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HomeFarming NewsBan for illegal breeder ‘making money from the suffering of dogs’
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Ban for illegal breeder ‘making money from the suffering of dogs’

A Carlow native has been banned from holding any dogs for life following a court appearance arising from an investigation into illegal dog breeding.

Myles Fitzgerald, with an address at Craanpursheen, Ballon, appeared before Carlow District on Wednesday, September 29th 2022.

Giving evidence, ISPCA inspector, Fiona Conlon, told the court how she called to the accused’s property on Monday, March 15th, 2021. The court heard that was in response to a report regarding a possible illegal dog breeding establishment at the above address.

She described to the court how she found numerous dogs of various breeds, many of which were being used for breeding.

She listed Cocker Spaniels, Poodles, Bichons, Cockapoos, German Shepherds, Terriers and Lurchers.

Conlon found much of the accommodation to “be unsuitable due to insufficient light and ventilation, wet and soiled bedding, and lack of visual stimuli”.

In addition, she detected several physical welfare issues that were immediately recognisable.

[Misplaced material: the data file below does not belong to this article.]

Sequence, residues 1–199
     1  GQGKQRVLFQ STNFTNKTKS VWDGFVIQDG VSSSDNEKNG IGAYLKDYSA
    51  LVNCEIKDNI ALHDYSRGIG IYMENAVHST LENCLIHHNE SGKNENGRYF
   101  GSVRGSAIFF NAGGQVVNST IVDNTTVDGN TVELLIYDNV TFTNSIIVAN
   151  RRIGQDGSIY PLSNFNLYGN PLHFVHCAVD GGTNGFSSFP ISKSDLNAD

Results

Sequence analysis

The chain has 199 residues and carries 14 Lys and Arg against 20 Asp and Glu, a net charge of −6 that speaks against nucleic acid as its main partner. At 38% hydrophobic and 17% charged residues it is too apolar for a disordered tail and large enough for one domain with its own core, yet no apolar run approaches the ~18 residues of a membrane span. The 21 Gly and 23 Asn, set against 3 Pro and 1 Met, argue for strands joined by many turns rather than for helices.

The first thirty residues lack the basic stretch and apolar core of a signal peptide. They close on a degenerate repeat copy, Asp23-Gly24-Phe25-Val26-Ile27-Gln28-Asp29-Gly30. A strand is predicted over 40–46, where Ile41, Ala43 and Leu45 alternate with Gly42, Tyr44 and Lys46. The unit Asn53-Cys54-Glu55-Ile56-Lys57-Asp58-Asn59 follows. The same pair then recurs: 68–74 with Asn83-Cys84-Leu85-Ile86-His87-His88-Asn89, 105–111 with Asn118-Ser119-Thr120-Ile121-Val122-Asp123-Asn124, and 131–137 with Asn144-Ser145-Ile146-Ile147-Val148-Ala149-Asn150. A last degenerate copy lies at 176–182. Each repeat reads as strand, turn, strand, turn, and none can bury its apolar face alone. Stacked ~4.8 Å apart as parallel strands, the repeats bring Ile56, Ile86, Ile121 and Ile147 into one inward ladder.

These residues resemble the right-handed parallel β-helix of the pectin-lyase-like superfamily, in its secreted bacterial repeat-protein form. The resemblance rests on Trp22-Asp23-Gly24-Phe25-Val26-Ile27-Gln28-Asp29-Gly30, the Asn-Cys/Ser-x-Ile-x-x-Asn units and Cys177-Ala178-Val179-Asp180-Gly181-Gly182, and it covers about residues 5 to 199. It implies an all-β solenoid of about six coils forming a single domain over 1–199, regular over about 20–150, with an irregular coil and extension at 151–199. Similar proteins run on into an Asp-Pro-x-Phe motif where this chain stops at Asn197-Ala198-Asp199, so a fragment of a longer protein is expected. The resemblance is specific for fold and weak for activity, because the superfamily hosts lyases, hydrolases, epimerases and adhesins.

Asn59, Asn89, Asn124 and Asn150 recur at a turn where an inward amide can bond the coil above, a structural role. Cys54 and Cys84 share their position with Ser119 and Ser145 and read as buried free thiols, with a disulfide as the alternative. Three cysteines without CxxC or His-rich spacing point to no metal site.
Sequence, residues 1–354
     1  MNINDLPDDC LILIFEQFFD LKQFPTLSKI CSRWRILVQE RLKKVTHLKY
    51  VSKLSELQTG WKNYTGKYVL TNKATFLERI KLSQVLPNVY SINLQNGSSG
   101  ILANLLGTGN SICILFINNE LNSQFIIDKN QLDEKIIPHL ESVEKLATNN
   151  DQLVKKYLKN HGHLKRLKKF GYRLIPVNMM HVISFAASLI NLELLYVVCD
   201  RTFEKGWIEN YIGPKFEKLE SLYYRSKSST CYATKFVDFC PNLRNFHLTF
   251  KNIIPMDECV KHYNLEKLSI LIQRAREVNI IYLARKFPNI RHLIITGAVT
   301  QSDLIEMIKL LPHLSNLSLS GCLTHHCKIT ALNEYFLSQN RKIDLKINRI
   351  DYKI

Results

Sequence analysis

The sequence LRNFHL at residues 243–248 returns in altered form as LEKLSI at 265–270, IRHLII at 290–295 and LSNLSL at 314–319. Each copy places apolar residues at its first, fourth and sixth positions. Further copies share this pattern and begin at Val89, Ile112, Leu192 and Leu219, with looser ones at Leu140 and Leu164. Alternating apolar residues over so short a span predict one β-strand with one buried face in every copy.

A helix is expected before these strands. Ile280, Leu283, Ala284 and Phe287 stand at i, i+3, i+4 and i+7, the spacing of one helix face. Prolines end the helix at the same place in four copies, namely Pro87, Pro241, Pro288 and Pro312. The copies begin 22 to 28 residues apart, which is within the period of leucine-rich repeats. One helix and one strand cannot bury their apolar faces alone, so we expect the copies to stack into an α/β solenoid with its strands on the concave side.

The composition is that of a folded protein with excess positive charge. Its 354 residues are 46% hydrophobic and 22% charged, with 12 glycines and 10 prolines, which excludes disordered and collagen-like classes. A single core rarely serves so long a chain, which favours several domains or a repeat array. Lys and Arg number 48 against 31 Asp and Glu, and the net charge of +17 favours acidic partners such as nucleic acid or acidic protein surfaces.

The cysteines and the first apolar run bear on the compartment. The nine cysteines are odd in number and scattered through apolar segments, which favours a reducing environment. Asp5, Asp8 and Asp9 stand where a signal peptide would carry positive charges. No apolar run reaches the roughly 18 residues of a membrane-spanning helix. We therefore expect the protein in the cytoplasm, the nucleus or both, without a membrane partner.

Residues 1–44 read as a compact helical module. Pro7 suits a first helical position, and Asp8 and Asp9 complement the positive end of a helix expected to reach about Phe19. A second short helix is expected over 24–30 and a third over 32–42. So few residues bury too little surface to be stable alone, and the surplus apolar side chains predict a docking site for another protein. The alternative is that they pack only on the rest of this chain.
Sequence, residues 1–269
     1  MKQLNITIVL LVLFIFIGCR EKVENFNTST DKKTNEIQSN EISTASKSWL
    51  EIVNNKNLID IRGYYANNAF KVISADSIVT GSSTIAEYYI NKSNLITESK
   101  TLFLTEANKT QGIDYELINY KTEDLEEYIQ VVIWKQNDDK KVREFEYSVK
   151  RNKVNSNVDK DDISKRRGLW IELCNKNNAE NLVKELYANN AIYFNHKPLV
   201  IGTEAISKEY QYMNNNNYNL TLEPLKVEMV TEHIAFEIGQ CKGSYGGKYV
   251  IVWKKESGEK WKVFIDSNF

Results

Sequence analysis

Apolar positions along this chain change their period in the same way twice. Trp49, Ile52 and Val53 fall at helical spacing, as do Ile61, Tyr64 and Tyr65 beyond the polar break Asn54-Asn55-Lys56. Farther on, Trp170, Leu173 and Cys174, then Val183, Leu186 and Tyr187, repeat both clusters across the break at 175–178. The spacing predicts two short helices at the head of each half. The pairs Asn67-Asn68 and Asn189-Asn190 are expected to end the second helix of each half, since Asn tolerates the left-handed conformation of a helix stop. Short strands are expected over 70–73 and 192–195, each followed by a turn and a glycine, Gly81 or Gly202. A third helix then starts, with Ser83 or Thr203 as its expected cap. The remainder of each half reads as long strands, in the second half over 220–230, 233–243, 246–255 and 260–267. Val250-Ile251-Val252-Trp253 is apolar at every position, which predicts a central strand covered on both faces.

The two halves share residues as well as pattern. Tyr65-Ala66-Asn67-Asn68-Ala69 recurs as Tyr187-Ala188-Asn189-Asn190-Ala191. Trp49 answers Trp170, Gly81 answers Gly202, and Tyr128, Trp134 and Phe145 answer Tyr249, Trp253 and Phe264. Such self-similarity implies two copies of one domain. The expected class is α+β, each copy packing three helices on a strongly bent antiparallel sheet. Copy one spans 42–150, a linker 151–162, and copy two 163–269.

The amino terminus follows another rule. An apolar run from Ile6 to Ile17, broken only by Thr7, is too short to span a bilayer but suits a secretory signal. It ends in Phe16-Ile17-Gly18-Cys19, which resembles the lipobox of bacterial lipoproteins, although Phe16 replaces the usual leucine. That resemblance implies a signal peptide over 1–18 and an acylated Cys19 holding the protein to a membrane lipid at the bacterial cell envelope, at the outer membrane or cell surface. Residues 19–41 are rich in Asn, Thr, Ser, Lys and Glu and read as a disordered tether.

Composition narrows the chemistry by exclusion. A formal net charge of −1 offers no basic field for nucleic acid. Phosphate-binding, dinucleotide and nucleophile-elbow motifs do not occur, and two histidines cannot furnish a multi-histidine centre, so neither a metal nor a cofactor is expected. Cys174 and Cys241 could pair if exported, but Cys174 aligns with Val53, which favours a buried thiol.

These included:

  • “Severely” matted, urine-stained and faeces-impacted coats;
  • Skin issues;
  • Overgrown nails;
  • Odorous ears with dank matter inside.

She told the court there were immediate concerns for thirteen dogs, which were surrendered and taken for veterinary assessment.

Seven were found to have ear infections, and seven also required immediate dental attention.

She pointed out that it was a “commercial” operation and that the defendant had been “making money from the suffering of these dogs”.

Conlon reported that all dogs removed had recovered and were rehomed.

She said they were “now living the lives that they should” and showed the judge photos of some dogs after rehabilitation.

Court 

Brendan O’Flaherty, defending, cited other cases that inspector Conlon had brought before the court, which he viewed “as more serious”.

He pointed out that all dogs had survived and suggested that they were all in “good bodily” condition. Inspector Conlon acknowledged that they “were not hungry”.

Mr. O’Flaherty also highlighted that his client had cooperated with the removal of the dogs. He said that Mr Fitzgerald’s vet was in regular content with his client.

In response, Inspector Conlon queried if that vet had seen the dogs in question. Mr O’Flaherty accepted that they had not.

Judge Carthy commented that the facts were “stark” and that photographs presented by Inspector Conlon were “upsetting to see”.

Mr Fitzgerald produced €3,500 in court to cover costs. Judge Carthy imposed a further €3,000 in fines and disqualified Fitzgerald from keeping dogs for life.

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